For example, an attacker may use doxing to obtain the victim’s home address and then make a false report to law enforcement, claiming that the victim is an armed criminal or terrorist. By providing the victim’s address, the attacker can direct the police to the victim’s location and prompt a SWAT team to respond.

Doxing can also be used to gather information about the victim’s family members, friends, or other individuals who may be present at the victim’s location. The attacker can then use this information to make the false report more convincing and increase the chances that law enforcement will respond with force.

3.   IP Address

Swatters can also use an individual’s IP (Internet Protocol) address to carry out Swatting. An IP address is a unique numerical identifier assigned to each device connected to the internet. By identifying the victim’s IP address, a swatter can use various techniques to mask their IP address, making it difficult for law enforcement to trace the call back to them.

For example, a swatter may use a technique known as “IP spoofing” to make it appear as if the false report is coming from the victim’s IP address when it is coming from the swatter’s location. This can make it difficult for law enforcement to determine the true source of the call and can lead to a SWAT team being sent to the victim’s location.

It is important for individuals to be aware of the risks associated with their IP address and take steps to protect themselves from Swatting, such as using strong passwords, keeping their software and devices up to date, and being cautious about sharing personal information online.

The Dangers of Swatting

Swatting is dangerous and can significantly harm both victims and law enforcement officers. The dangers of Swatting include:

1.   Physical and emotional harm to victims

Swatting victims may experience significant physical and emotional harm due to the false report. SWAT teams typically respond to Swatting calls with high force, often breaking down doors, using flashbang grenades, and pointing weapons at individuals in the home.

This can cause significant trauma to victims and their families and, in some cases, can lead to injury or death.

2.   Risk of injury or death to law enforcement

Swatting also puts law enforcement officers at risk of injury or death. When responding to a Swatting call, officers must be prepared for a potentially dangerous situation, even if the call is later determined to be a hoax. This can increase the likelihood of accidents or violence, putting both officers and bystanders at risk.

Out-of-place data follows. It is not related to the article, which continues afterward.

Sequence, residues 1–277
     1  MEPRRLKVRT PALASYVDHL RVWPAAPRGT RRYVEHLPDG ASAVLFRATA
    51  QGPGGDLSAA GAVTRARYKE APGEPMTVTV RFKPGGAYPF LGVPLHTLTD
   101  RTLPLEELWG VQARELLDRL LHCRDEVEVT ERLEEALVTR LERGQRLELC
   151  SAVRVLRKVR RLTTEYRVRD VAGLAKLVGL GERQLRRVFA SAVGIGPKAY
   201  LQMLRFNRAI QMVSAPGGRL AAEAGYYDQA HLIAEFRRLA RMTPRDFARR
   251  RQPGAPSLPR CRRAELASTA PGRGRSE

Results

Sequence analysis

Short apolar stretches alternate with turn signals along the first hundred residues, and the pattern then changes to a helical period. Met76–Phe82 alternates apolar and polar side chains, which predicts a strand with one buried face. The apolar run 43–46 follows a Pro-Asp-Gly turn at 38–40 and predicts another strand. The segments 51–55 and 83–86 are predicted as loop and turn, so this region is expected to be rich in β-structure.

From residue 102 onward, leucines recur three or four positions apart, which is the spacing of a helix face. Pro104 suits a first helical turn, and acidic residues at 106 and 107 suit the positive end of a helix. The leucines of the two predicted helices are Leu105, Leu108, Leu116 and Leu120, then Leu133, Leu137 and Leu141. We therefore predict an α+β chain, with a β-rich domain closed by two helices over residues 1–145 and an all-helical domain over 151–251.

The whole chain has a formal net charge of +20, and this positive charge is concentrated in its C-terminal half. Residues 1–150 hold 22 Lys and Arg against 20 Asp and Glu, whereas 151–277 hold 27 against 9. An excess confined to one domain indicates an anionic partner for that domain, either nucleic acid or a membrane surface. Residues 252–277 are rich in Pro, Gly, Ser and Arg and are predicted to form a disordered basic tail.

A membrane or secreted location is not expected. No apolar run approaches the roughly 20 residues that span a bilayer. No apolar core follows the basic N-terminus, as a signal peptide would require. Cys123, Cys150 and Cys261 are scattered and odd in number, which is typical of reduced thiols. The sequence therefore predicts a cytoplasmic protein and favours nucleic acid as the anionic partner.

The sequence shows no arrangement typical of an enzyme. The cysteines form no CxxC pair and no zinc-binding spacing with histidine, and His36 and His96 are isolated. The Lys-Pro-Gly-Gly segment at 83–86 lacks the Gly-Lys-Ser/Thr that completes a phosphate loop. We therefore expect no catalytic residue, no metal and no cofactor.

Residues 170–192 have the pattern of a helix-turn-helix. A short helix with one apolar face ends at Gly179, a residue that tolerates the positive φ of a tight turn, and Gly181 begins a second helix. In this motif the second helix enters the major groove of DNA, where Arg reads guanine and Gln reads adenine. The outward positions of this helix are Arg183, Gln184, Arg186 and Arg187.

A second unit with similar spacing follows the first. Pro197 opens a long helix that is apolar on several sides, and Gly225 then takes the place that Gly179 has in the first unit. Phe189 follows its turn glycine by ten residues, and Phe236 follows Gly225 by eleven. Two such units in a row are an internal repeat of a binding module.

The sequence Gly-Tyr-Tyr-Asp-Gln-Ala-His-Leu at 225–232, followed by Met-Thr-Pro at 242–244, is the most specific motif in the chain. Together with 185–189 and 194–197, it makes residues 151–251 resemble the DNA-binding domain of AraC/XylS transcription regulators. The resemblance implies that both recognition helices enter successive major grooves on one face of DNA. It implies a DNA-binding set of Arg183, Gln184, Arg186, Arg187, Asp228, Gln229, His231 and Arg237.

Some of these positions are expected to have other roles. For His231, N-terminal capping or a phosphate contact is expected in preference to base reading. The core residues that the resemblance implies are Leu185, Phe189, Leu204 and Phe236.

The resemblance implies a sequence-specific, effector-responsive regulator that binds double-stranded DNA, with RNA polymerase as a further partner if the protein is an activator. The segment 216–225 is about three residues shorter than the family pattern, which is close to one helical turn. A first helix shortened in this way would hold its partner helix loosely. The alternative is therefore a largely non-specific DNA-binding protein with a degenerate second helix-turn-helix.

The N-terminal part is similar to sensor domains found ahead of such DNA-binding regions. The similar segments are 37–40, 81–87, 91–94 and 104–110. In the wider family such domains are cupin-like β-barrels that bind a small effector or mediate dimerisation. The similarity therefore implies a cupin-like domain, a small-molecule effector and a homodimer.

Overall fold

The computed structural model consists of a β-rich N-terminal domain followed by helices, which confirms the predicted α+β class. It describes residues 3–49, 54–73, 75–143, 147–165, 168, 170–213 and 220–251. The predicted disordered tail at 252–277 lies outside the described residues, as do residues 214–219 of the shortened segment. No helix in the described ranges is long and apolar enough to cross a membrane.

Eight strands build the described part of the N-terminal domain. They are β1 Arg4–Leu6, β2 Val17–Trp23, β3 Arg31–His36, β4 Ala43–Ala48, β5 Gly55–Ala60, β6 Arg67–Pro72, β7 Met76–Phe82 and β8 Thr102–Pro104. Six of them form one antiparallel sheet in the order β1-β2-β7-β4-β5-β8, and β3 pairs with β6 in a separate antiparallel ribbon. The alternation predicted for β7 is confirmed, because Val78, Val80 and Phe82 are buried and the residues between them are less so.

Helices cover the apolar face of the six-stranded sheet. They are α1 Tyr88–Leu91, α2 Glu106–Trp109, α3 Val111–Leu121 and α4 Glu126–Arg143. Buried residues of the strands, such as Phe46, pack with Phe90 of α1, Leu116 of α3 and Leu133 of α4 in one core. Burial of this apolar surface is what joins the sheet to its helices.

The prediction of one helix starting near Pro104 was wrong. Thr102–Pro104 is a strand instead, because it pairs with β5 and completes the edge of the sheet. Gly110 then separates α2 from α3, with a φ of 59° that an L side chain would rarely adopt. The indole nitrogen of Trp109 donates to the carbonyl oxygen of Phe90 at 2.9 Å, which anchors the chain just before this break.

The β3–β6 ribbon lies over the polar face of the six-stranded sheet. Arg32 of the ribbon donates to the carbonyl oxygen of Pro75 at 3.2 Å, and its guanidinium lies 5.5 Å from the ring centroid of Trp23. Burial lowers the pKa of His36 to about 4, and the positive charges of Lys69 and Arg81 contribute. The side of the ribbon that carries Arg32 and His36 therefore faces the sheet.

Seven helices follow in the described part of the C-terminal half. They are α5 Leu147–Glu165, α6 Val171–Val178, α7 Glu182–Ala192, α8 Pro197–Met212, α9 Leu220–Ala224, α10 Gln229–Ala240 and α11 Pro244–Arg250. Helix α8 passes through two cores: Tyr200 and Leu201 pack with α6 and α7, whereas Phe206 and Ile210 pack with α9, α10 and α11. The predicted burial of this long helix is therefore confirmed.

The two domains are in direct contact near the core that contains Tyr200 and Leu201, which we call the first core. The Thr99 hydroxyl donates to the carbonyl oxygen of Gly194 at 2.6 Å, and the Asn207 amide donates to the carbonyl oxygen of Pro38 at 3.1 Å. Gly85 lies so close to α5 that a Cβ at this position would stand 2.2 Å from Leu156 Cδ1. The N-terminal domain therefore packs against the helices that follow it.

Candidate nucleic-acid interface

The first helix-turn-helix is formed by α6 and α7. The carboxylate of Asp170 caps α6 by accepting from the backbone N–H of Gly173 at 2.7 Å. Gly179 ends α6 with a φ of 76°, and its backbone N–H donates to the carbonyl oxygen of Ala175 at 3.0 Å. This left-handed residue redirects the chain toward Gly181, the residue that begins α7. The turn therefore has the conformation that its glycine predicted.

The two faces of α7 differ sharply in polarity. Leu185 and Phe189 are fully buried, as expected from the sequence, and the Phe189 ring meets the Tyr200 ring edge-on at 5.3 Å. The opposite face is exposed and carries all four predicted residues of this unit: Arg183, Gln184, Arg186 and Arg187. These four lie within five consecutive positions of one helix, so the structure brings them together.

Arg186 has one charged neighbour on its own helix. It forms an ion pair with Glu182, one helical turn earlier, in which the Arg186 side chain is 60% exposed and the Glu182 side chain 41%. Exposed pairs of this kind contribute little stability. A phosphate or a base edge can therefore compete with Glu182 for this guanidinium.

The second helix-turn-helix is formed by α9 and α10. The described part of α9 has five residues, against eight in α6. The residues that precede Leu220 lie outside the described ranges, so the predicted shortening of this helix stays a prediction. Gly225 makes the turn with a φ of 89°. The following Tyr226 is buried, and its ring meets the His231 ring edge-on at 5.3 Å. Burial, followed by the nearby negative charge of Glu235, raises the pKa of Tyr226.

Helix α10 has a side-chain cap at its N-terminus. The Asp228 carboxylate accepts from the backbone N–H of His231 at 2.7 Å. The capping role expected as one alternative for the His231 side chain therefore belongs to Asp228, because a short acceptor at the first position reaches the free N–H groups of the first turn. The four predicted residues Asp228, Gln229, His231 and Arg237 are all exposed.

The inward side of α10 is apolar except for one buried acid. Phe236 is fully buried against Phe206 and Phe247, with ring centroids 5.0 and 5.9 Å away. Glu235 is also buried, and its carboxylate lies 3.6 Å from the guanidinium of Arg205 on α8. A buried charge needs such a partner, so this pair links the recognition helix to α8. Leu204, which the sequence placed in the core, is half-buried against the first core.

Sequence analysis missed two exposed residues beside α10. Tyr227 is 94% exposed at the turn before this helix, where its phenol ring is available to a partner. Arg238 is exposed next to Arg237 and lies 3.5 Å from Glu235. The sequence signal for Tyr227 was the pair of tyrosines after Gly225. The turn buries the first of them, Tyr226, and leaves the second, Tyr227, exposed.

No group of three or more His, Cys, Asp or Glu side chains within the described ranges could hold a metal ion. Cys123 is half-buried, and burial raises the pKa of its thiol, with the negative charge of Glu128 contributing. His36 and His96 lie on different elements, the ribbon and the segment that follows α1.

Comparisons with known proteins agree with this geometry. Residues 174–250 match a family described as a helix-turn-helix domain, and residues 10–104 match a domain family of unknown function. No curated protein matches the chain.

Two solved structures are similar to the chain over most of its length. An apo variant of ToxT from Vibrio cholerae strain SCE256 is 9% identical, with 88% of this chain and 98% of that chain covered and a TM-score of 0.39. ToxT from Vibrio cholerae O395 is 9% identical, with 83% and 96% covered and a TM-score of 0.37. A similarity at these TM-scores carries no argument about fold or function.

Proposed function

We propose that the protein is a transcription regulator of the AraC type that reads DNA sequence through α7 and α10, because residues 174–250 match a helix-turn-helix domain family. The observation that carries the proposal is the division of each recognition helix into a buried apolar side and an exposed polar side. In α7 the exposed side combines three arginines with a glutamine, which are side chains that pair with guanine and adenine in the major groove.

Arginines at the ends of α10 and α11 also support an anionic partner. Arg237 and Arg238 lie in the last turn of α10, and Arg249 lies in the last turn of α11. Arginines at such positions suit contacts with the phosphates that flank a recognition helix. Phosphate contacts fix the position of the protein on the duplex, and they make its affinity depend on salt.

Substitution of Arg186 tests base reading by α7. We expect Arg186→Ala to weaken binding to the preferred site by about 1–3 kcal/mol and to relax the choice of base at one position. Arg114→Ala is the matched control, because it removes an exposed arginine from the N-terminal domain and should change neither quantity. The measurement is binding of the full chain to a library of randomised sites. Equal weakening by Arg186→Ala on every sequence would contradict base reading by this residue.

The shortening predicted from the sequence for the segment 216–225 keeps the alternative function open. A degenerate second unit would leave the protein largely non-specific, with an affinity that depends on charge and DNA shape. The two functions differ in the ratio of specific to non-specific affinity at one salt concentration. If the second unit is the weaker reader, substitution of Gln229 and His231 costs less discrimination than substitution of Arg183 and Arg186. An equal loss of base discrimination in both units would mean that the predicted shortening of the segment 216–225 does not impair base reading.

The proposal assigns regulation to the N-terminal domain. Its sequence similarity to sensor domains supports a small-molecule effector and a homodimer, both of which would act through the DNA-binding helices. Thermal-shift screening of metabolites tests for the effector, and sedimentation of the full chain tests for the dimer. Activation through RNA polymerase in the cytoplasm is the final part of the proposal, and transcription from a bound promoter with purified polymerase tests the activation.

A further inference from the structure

How to Prevent Swatting

1.   Secure your personal information

Swatting attacks often occur as a result of personal information being leaked or stolen. It is important to secure your personal information by regularly updating your passwords, enabling two-factor authentication on your accounts, and avoiding sharing personal information online. Consider using a password manager to create and store strong passwords for your accounts.

2.   Use non-emergency numbers to report suspicious activity

If you see something suspicious, it’s important to report it to your local law enforcement agency. However, using non-emergency numbers is important to avoid false alarms and reduce the risk of Swatting. Be aware of the types of behavior that could be misinterpreted as suspicious, such as taking photos of landmarks or buildings.

3.   Keep your location private

Swatting often happens when a perpetrator can determine the location of a victim. Be careful about sharing your location online, especially if you are a public figure. Consider using a VPN or other tools to help protect your location and online activity. It’s also important to turn off location services for apps that don’t need them, such as social media.